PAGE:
This is for you daddy, I love you.

Saturday, June 17, 2006

Happy Anniversary Mom & Dad

June 17th, 1967. A second marriage for Helen and for Gordon. I don't really have any decent wedding pictures nor do I know much about their wedding day. I just know that I am glad they met at church. Though they only shared 13 years together...they were a very good example of what love in a marriage is. Today would have been year 39...

Monday, June 12, 2006

Last Christmas picture: Dec. 1979

Seated in the black dress is my mother, Helen. Seated in the chair is my paternal grandmother, Mildred. Standing behind the chair is my Uncle Richard. Seated on the arm, holding me is my Aunt Barbara. My mother looks absolutely awful. Let's see...in Jan '79 my grandmother, Mildred lost her husband to lung cancer, my mother lost her father in March '79 and she was apparently either very depressed or tired or both in this picture. My grandmother Mildred passed away in 1993 and my aunt and uncle are still living in Ohio. We all look pitiful. This was about 10 days before mom died. I hate having this as a last picture. The pants I am wearing in the photo will not go beyond 10 days either as they were ripped in the accident and cut off in the ER after.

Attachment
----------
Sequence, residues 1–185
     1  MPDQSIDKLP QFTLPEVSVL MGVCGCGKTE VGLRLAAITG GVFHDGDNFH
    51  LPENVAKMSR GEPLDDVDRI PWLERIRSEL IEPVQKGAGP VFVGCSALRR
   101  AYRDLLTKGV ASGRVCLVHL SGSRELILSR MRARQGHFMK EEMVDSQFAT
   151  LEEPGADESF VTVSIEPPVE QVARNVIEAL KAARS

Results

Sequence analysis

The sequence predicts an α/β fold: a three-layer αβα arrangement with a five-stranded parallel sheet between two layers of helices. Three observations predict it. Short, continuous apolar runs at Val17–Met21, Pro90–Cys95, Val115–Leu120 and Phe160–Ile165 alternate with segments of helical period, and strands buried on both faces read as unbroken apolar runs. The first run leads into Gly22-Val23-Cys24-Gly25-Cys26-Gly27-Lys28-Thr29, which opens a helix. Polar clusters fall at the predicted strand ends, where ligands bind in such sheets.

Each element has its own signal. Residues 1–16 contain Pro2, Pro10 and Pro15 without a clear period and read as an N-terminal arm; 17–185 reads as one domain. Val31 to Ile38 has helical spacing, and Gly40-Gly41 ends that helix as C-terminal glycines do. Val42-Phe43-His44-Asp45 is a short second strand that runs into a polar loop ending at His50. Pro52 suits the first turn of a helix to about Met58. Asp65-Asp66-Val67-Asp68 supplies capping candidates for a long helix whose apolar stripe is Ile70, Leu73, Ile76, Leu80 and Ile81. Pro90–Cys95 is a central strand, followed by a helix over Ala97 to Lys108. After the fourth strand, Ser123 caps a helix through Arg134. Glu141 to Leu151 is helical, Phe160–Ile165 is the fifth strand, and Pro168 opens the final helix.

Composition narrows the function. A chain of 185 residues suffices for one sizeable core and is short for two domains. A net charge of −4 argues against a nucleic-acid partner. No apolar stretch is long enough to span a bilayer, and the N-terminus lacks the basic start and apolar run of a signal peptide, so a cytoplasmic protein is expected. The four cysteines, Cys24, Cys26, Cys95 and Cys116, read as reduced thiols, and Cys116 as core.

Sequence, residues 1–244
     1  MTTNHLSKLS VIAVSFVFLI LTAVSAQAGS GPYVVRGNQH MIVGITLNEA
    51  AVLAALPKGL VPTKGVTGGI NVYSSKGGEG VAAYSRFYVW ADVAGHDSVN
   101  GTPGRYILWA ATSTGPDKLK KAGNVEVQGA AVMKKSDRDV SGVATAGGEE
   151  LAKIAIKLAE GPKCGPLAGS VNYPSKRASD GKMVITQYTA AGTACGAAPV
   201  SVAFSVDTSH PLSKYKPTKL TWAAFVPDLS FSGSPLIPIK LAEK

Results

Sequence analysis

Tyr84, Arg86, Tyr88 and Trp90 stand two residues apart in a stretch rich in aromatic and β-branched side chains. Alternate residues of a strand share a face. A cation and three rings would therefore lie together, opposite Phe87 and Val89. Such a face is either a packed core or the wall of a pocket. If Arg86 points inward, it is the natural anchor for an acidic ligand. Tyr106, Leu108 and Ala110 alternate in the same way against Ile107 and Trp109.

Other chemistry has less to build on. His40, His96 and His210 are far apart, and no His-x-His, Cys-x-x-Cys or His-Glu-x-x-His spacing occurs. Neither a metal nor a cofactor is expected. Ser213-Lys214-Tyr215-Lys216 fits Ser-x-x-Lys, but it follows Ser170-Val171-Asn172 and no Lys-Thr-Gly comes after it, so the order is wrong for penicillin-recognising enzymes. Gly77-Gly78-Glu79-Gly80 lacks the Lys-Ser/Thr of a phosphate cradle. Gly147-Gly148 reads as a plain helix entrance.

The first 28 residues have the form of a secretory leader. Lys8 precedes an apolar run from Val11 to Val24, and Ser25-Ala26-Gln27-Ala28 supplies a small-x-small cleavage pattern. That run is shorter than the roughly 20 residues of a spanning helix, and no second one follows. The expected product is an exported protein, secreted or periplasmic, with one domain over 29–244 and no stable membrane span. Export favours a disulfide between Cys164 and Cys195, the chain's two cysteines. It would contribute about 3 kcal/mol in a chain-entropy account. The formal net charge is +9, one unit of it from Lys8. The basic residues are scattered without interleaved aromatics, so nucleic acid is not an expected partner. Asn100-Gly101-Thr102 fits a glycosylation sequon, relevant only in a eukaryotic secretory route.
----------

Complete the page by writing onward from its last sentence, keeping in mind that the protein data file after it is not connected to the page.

Sea World in Ohio

Yeah here we are with our fake Addida's shoes circa summer 1979. The last summer I spent with my mother. I am the babe with the knee high blue socks on. The other girl is a friend from my grandparents neighborhood, Vicky Frantz. Last I heard she was married with 3 kids, an RN and living in Elyria still. I don't recall feeling overly fuzzy about this picture. We had a good time but I remember a small chasm beginning between my mother and I. The normal "I am heading for adolescence chasm". But still wanting her to be my mom too. Could have also been the fact that there were the rumblings of unhappiness within her: my mother lost her father in March 1979. So in this picture she was starting to really be depressed. It shows in her appearance. She always dressed to the nine's but in this picture she is wearing my dad's tee shirt. Good or bad...it was still my last summer with her and if I could climb into the photo I would just HUG her one more time.